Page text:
There is very interesting dynamics on the market at the moment, with hotels starting to fight back to win their customers from Airbnb. This recent article for example suggested that hotel developers should take example from co-working spaces and “provide guests with an avenue for communal interaction”.

One destination recognised the opportunity in the sharing economy, and instead of fighting it, Visit Denmark partnered with Airbnb to „work together to promote Denmark across the world as a unique travel destination and exchange learnings about travel and tourism trends“. Through online campaigns, gamification and competitions Denmark will be able to promote and spread the tourism flow across the country.

Over tourism

I encountered the term over tourism only last year after reading a Skift article that discussed the challenges and proposed five solutions to over tourism. I guess that I don’t need to list the challenges here; we all know what they are. Solutions, on the other hand, are not so obvious. Skift presented five ways to fight over tourism, and these include limiting transportation options, increasing prices, more realistic marketing and better education, better collaboration among stakeholders and protection of overcrowded areas.


While some destinations are overwhelmed with the tourist flow, other destinations need tourists, especially during the low season to keep running their business and supporing local communities. My example earlier was about Christmas time, but what about the off season for “seasonal” destinations, such as ski resorts or wine regions?

Italy is the perfect example to use, because it’s one of the countries that suffer the most from over tourism. Both on the leisure and MICE sides there are challenges, because everyone wants to go to the most popular destinations such as Rome or Venice. But let us focus only on MICE for this article.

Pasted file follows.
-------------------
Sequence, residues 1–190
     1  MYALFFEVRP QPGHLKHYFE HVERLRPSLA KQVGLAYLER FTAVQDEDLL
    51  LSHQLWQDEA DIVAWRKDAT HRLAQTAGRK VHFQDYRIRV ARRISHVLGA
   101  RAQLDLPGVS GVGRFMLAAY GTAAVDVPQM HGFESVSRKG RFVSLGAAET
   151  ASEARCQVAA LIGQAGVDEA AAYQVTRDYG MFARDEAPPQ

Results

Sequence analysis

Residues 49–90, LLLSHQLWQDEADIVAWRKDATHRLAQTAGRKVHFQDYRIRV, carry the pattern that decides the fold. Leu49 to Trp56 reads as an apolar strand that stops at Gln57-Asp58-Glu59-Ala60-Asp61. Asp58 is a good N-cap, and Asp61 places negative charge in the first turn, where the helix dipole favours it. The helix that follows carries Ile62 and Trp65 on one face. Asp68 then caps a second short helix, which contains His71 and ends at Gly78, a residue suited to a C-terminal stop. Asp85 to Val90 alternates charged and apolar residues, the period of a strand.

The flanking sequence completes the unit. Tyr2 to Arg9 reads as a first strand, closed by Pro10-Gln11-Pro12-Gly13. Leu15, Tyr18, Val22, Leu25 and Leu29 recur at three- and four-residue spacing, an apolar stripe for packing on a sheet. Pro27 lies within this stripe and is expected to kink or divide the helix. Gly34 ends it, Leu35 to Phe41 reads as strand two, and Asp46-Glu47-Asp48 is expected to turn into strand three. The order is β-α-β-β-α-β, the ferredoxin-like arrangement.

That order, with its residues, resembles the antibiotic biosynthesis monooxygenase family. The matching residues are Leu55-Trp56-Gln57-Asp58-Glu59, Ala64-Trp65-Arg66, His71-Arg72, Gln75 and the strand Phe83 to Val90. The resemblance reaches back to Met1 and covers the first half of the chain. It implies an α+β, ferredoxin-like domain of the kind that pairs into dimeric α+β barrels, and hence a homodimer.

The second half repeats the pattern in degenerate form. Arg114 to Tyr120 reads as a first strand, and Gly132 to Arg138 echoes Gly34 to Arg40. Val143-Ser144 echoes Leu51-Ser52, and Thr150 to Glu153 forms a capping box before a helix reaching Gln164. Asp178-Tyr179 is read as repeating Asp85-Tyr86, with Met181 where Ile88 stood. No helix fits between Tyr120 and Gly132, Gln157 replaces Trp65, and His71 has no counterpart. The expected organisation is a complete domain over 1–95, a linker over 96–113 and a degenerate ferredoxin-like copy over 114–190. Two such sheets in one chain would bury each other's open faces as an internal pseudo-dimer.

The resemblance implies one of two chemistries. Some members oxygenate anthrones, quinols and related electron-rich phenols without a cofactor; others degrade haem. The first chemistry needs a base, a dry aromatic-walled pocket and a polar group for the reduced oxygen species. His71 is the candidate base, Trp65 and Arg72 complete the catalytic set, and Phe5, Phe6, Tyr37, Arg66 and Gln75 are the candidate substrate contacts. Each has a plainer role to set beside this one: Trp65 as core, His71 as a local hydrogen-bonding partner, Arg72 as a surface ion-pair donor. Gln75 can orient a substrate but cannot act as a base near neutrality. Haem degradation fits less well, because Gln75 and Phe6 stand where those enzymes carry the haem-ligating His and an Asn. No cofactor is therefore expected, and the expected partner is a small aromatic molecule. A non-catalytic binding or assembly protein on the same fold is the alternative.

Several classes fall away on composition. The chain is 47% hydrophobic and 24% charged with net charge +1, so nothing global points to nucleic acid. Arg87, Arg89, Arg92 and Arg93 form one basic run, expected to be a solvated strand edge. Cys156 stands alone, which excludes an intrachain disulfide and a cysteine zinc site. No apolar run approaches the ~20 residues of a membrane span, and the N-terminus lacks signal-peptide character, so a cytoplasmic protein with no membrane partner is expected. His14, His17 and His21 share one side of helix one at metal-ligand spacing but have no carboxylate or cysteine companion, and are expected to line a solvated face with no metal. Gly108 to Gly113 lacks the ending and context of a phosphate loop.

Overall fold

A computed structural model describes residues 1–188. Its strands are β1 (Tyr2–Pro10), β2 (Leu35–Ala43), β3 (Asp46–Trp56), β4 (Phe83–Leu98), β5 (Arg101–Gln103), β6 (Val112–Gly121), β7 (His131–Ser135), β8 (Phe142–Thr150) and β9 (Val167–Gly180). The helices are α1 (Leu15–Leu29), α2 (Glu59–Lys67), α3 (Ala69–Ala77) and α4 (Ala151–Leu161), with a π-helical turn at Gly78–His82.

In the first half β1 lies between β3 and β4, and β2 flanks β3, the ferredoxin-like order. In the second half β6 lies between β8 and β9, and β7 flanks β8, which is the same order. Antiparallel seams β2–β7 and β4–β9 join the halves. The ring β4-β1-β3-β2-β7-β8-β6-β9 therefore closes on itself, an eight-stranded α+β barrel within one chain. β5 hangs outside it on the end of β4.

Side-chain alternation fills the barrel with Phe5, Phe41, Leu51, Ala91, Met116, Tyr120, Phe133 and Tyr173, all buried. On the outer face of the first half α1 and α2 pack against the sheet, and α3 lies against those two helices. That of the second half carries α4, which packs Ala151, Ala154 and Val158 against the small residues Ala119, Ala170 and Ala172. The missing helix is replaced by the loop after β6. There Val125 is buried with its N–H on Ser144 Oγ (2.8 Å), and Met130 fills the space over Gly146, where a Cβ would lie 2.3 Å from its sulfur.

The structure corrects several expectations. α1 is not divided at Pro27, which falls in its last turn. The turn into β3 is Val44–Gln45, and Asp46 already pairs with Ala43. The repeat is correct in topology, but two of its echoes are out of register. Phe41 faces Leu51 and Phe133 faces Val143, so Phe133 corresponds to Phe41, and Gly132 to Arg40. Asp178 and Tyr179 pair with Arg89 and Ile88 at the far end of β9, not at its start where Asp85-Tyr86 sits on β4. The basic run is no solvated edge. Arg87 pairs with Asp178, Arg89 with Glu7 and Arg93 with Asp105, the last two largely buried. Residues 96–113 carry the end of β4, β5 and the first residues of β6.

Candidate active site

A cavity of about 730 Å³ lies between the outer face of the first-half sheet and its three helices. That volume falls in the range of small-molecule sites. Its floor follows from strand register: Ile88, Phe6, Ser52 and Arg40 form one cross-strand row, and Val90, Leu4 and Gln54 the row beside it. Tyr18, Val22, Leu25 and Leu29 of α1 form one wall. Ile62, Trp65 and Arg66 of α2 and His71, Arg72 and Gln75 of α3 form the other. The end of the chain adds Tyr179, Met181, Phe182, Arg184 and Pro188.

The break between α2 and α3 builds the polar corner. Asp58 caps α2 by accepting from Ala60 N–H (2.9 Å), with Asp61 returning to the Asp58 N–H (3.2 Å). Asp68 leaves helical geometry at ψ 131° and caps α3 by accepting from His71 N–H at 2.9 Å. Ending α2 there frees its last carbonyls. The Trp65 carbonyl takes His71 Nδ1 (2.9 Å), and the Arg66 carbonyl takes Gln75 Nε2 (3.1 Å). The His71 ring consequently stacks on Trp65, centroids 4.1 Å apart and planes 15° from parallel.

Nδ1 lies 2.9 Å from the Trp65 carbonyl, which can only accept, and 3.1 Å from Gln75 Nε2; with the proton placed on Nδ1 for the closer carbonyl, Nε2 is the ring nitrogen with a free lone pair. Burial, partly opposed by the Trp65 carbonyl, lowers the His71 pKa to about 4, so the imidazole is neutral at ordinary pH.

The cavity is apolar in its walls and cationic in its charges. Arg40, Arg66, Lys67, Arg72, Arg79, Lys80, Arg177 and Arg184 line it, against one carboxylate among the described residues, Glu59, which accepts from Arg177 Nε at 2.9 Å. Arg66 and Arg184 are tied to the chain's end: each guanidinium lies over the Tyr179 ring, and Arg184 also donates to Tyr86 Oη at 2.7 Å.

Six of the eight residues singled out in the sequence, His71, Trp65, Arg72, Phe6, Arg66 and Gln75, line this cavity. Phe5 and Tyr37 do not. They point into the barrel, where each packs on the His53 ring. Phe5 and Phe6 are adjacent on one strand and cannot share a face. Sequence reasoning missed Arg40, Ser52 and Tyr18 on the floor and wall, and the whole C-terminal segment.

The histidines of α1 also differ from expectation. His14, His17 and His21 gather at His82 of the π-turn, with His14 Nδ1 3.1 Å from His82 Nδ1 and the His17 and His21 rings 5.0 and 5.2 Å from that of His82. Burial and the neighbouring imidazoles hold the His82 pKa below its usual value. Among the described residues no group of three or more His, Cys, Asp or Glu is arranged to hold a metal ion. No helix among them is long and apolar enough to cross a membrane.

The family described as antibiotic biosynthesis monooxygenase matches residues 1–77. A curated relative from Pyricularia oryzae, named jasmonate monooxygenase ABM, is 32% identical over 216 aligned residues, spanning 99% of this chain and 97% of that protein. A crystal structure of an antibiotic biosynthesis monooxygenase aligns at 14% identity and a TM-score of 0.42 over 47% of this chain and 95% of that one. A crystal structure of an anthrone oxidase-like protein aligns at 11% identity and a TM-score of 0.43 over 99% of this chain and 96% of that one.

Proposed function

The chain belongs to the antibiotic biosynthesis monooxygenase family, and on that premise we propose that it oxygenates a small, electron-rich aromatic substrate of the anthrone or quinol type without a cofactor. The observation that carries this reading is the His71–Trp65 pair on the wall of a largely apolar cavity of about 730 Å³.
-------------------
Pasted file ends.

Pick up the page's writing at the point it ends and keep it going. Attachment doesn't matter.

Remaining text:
To get further insights I interviewed Laura Notarbartolo, the founder of Italian Special Occasions DMC. After working many years in the travel and event industries she decided to promote Italy in a different and more sustainable way – and to advise clients to hosts events “off season” and “off the beaten path”. Acting like an ambassador, she travels around the country to build relationships with her suppliers and check the infrastructure for corporate and private events (she also organises destination weddings).

She says „it all depends on at what stage of the decision making process the client contacts her, and if he/she are in the very beginning, she can suggest the less known destinations for MICE, such as Umbria or Marche and all their hidden treasures for corporate events. But if the client is fixed on Rome, for example, what we can do is to advise on the best season for corporate events in Rome, which is winter. If there is some space for flexibility, Bologna could be a nice alternative to Rome, because it has access from more airports, similar room capacity and same world class infrastructure due to being the automotive hub and knowledge cluster in Italy. As a bonus it’s also a very gastronomic region and attendees are always keen on incorporating a unique culinary experience“.

Most importantly, when we bring a group to a less-known region, we know that we are able to support the local community in a sustainable manner. Our events are tailor made, so therefore it will not become a mass product that we’ll sell as “package tours” on the internet to commercialise it and make it the next “in” destination. Because the moment we’ll commercialise a destination it will start losing from its authenticity.“

Above I showed how destinations on a governmental level, but also as an individual and owner of a small business, can drive change for the entire industry. But let’s not forget that it starts from the individual event planner, before the brief gets out. I think that as event professionals we should be sensible and attentive to the global trends, and before our brief to host an event goes to the local hands, we need to do our due diligence and think how to bring a positive change.